Port St. Lucie Crash Kills Pedestrian
Authorities say a man was running across a congested portion of Gatlin Boulevard when a vehicle fatally struck him.
Few details were available, except that the wreck occurred near the intersection of Gatlin and Southwest Ed Grace Street. First responders rushed the victim to a nearby hospital, where he underwent emergency surgery.
Police spokesman Sgt. Robert Vega said homicide investigators were gathering information about the fatal incident.
Pedestrian Injuries in Florida
The victim in this story may not feel lucky, but he was lucky. Individuals in these situations rarely survive their injuries, because fast-moving cars almost always kill pedestrians. At 20mph, the victim fatality rate is less than 10 percent. But the death rate skyrockets to 90 percent at 40mph.
Since pedestrians have no restraint systems or other safety layers to protect them from oncoming vehicles, they nearly always sustain serious or fatal injuries, such as:
- Blood Loss: External trauma injuries bleed profusely, and internal organs often leak even more. These organs have no protective skin layer, so any bumping and grinding may cause severe bleeding. By the time victims arrive at hospitals, they may already be in hypovolemic shock.
- Head Injuries: Pedestrian crashes usually involve both trauma and motion-related head injuries. The blunt force of a fall often causes many serious injuries. Additionally, the falling motion often causes the brain to slam against the inside of the skull.
- Spine Injuries: Similarly, even if victims do not land on their backs, the jarring motion is usually enough to knock the spine out of alignment. These injuries often cause permanent paralysis.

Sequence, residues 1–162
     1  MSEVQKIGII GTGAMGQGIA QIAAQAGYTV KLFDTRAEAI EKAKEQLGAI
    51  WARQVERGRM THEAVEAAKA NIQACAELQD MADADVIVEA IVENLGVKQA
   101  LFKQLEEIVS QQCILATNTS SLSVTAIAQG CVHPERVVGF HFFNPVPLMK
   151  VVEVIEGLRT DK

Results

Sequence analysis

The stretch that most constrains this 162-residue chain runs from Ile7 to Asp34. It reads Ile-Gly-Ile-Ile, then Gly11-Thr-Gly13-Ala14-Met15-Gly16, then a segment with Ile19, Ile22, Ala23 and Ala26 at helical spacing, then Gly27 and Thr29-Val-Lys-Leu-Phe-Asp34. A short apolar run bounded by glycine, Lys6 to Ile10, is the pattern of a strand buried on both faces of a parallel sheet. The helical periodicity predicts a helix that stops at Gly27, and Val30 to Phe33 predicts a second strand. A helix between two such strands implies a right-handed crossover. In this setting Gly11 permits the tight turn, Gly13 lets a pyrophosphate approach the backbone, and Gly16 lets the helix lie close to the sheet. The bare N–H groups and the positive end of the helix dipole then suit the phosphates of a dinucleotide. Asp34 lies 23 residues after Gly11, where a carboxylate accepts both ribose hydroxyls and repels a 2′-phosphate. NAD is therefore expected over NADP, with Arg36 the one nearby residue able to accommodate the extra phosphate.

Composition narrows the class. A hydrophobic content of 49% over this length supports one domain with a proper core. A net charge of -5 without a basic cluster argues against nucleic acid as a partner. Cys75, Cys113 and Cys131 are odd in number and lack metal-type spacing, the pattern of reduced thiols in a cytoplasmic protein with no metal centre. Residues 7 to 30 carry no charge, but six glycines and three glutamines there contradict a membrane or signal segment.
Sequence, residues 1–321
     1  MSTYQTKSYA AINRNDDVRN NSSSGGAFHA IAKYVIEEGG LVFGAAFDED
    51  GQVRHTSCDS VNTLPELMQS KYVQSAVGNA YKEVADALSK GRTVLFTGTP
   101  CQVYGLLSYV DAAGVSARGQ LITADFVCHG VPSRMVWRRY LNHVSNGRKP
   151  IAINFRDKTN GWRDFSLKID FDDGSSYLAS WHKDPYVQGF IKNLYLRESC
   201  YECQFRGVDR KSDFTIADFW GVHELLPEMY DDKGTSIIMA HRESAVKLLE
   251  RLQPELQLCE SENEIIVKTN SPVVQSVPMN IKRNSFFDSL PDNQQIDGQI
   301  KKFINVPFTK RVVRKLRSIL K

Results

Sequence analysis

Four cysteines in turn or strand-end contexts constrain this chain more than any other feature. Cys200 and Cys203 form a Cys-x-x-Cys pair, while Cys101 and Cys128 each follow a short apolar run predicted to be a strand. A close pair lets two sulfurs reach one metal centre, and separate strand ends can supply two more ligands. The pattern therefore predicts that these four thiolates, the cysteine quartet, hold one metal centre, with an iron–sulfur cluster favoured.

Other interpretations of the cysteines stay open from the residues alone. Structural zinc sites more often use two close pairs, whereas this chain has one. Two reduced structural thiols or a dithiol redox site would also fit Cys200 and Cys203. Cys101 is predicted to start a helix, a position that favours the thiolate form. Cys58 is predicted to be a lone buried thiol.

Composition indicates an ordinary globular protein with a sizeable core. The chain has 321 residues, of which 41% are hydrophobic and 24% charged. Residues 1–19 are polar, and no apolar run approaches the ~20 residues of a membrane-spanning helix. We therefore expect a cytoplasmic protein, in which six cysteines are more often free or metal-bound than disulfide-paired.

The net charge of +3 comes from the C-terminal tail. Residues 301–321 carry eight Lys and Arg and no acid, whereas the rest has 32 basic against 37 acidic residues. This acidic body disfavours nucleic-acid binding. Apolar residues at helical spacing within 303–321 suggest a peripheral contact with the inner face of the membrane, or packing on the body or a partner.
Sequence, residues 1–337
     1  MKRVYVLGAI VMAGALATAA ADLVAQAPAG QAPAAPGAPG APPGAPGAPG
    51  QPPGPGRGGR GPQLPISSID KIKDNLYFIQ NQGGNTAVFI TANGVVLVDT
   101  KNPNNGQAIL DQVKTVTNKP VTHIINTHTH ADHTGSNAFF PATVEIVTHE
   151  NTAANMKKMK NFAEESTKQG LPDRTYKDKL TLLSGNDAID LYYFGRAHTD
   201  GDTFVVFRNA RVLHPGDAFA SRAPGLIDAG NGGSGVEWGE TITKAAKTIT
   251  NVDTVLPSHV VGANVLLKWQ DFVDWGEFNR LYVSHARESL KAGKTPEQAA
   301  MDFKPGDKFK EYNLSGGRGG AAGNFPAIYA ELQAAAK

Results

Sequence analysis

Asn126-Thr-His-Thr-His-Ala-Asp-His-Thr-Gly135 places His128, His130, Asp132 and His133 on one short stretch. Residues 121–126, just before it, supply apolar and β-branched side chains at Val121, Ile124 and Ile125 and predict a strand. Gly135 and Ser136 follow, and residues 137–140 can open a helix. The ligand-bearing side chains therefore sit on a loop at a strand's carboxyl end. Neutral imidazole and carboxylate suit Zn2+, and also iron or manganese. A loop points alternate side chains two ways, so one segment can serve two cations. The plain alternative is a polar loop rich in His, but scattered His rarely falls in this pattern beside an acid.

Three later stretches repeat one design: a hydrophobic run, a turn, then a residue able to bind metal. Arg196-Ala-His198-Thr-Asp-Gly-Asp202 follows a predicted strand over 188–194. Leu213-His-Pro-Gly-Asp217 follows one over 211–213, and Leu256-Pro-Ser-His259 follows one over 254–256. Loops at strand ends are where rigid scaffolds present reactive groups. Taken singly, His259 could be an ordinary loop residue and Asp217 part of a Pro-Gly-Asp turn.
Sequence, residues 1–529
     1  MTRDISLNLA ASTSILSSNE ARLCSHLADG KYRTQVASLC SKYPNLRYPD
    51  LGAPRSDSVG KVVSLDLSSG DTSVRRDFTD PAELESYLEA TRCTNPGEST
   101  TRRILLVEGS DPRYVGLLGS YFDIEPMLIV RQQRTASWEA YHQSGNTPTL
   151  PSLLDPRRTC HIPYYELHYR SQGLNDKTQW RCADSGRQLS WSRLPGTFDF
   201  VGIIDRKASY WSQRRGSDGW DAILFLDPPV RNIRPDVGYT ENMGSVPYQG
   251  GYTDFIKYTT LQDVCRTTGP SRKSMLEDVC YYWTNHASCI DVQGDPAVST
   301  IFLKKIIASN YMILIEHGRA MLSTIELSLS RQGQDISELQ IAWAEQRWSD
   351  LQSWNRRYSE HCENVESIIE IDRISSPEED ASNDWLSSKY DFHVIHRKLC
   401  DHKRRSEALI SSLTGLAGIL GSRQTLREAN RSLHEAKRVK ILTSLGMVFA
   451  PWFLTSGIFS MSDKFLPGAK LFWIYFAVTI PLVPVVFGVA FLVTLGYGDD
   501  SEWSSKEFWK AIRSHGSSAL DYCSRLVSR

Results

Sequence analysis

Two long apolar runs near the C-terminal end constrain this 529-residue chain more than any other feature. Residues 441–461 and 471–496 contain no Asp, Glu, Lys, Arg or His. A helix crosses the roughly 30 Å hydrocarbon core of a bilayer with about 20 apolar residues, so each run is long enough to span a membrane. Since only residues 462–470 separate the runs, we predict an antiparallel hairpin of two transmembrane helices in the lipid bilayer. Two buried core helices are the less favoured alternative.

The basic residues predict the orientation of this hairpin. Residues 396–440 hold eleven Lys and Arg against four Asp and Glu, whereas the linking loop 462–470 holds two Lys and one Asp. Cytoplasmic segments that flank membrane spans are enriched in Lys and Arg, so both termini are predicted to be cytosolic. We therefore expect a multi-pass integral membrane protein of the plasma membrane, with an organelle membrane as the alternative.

Damages in these cases usually include compensation for economic losses, such as medical bills, and noneconomic losses, such as pain and suffering. Additional punitive damages may be available as well, in some extreme cases.
Your Claim for Damages in St. Lucie County
Florida law gives pedestrians the right-of-way if they are inside a crosswalk and have the green light. If tortfeasors (negligent drivers) hit pedestrians in these situations, the tortfeasor may be liable for the damages set forth above.
But most of these accidents occur outside marked crosswalks. Fortunately, victims may also be entitled to compensation in these cases. Victim/plaintiffs must establish that the tortfeasor was negligent. Ordinary negligence is basically a lack of reasonable care. Driver impairments, like alcohol use, excessive fatigue, and distracted driving, are usually evidence of negligence.
Insurance Company Defenses in Florida
Typically, contributory negligence is one of the most common defenses in Florida. This legal loophole shifts blame for the accident from the tortfeasor to the victim. However, this doctrine usually does not apply in vehicle-on-pedestrian claims. It is almost physically impossible for any pedestrian to cause any car crash.
However, the sudden emergency defense sometimes applies, especially if the victim ran out into traffic with little or no warning. But on closer inspection, this defense may not hold up in court. The elements of the sudden emergency defense are:
- Reasonable reaction to
- A sudden emergency.
After a collision, most tortfeasors immediately pull over, if they can, and remain at the scene. These are reasonable reactions. But a jaywalking pedestrian is usually not a “sudden emergency.” Instead, jaywalking pedestrians are more like stalled cars or construction zone lane changes. Drivers should be ready to respond to these situations, so they are not sudden emergencies in this context.
Contact an Assertive Lawyer
Pedestrian victims may be entitled to substantial compensation for their serious injuries. For a free consultation with an experienced Port St. Lucie personal injury attorney, contact Eighmie Law Firm, P.A. We routinely handle matters throughout the Treasure Coast area